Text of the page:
Sebastian Barry wins Independent Bookshop Week Book Award
Maeve Binchy walk; TCD archives conference; Words Ireland initiatives
Sebastian Barry at the Gutter Bookshop Dalkey after winning the Independent Bookshop Award. Photograph: Nick Bradshaw
Sebastian Barry has been announced as the winner of the annual Independent Bookshop Week Book Award for Days Without End, his novel which has already won the Costa Book Award and Walter Scott Prize.
Judged by a panel of authors, booksellers and journalists, this is the second consecutive year that the award has gone to an Irish writer – Anne Enright winning in 2016 for The Green Road. The winner of the Children’s award was A Poem for Every Night of the Year by Allie Esiri, and winner of the Picture Book category was Tidy by Emily Gravett.
Barry said: “If books constitute a magical religion that doesn’t persecute anyone, then obviously a bookshop is a radiant chapel of that religion. In this strange new world the importance of books and bookshops has taken a quantum leap. I am thrilled, strengthened and frankly improved by receiving this award from this Atlas-like sector of society – may independent bookshops thrive, and indeed be nurtured, till the end of time.”
Independent Bookshop Week takes place from June 24th to July 1st. About 50 independent bookshops across Ireland are participating. The IBW Bookshop Crawl is coming to Dublin on June 24th, the challenge being to visit as many bookshops on one day as you can. Authors Carmel Harrington, Catherine Ryan Howard, Ruth Long and Hazel Gaynor are organising a Dublin Crawl, and bookshops can organise their own crawls with fellow local booksellers, or simply encourage customers to create their own and to use the hashtag #bookshopcrawl
The Shopfloor Publishers project will see a number of Irish publishers spend a day working in bookstores. An exclusive Philip Pullman essay, Imaginary Friends, will only available for sale in independent bookshops. Harry Potter’as 20th anniversary is being marked by Dubray branches, Sheelagh na Gig bookshop in Cloughjordan and Charlie Byrne’s Bookshop in Galway. indiebookshopweek.org.uk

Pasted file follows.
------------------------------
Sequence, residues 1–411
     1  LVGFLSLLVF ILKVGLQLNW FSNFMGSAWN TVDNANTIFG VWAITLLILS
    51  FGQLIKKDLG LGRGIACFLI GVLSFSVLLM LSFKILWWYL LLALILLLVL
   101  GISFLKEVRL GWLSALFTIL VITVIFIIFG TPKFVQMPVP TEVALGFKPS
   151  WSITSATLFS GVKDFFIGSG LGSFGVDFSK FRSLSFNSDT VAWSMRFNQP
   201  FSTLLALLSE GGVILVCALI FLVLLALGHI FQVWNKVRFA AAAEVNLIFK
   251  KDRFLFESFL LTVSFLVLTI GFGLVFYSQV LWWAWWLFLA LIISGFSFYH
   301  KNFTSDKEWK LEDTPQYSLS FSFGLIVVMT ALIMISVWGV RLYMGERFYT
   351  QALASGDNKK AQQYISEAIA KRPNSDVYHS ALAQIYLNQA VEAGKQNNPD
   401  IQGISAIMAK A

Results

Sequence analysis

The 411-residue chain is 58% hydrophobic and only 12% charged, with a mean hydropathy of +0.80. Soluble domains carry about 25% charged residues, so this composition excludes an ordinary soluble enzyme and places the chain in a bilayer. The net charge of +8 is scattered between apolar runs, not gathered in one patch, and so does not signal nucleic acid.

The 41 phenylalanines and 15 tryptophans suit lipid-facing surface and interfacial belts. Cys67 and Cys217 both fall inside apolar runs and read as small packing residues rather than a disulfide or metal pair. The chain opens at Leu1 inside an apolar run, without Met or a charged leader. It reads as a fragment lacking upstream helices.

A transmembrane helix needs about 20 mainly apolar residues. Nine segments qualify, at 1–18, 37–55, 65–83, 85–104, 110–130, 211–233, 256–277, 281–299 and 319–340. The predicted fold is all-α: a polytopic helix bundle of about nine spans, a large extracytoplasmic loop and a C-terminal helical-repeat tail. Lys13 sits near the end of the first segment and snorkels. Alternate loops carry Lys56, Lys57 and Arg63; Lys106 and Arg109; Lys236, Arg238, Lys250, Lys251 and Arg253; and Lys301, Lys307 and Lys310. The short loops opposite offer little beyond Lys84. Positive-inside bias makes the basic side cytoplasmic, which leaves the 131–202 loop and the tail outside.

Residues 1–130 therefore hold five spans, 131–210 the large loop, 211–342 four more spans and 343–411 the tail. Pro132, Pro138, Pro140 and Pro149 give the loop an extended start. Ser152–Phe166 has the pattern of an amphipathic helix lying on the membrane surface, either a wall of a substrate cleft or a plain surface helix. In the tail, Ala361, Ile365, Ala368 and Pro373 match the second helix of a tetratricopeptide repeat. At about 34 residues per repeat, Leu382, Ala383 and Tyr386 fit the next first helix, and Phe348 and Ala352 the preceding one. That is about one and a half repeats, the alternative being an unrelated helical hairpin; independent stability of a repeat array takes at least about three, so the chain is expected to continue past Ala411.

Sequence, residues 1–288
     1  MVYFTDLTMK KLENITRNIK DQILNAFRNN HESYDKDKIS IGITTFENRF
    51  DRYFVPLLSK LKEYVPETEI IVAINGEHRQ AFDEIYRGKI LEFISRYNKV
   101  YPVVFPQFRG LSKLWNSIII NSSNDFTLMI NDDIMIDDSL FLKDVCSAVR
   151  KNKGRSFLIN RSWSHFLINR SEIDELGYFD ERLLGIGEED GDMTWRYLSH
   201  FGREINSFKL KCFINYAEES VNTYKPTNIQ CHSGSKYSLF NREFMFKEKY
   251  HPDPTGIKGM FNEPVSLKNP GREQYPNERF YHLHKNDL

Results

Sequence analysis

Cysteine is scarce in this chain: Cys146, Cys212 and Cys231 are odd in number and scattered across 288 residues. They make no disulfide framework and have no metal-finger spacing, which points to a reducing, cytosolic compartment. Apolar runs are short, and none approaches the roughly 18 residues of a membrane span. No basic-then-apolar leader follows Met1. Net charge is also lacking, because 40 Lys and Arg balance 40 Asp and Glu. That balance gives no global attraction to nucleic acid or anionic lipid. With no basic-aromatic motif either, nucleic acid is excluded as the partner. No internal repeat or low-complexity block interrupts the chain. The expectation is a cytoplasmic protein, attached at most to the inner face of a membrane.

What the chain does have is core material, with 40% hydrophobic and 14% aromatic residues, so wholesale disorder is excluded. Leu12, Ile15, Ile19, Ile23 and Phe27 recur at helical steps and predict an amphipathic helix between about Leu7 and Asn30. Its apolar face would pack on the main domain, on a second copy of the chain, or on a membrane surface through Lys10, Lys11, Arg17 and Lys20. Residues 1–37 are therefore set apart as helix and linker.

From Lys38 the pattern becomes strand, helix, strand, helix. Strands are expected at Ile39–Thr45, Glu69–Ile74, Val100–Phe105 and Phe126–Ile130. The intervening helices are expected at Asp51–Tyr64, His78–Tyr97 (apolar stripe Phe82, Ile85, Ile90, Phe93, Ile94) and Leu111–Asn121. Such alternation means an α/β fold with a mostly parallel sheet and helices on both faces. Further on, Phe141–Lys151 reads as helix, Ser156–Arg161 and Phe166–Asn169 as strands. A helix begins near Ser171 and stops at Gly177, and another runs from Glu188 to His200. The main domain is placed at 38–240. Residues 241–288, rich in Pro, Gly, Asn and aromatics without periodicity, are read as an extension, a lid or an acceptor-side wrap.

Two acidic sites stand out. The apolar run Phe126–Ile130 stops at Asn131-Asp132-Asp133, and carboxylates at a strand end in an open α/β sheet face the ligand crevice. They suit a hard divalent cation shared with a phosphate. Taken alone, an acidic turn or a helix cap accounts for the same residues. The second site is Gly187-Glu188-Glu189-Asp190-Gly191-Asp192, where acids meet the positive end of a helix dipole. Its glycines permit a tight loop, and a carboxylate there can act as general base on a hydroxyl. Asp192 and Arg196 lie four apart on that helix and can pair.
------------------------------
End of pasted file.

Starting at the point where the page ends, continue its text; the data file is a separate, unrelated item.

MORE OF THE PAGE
The Maeve Binchy and famous Irish Writers Walk is running, or walking, again after last year’s success, on Thursdays at 6.30pm and Fridays at 1.15pm until September 29th. The hour-long walk starts at the Writer’s Gallery in Dalkey Castle & Heritage Centre, where visitors can view the work of 45 creative artists including Joyce, Bono, Beckett and of course Binchy herself. The walk ends in the beautiful Maeve Binchy Garden in Dalkey Library, where there is a memorial to the author’s memory. Tickets €12. dalkeycastle.com
The Literary Archives in the Digital Age conference in Trinity College Dublin’s Long Room Hub (7th-8th July) brings together literary scholars, archivists and librarians to discuss the changes to literary archives brought about by digitisation and digital methods of writing. Highlights include a keynote talk from modernist scholar Wim Van Mierlo (Loughborough University) entitled “Literary Heritage and the Archive,” a paper by Sam Slote of TCD on James Joyce’s editing of his own work, a presentation from archivists at the Folger Shakespeare Library (Washington, DC) and a panel featuring researchers on the Beckett Digital Manuscript Project. More details available at dublinliteraryarchives.com
Words Ireland is delighted to announce the launch of its National Mentoring Programme - the first of a broad range of initiatives for writers rolling out in 2017 and 2018. Words Ireland is offering 11 paid opportunities for established writers to become mentors. It’s offering 11 free opportunities for emerging writers to develop their literary talents in the areas of adult fiction, children’s/YA fiction and poetry. The deadline for applications is July 10th. wordsireland.ie Words Ireland is also piloting the Venues Initiative that will see a number of literature curators work with regional venues to stage more literature events. This will develop new audiences as well as valuable employment opportunities for Irish writers.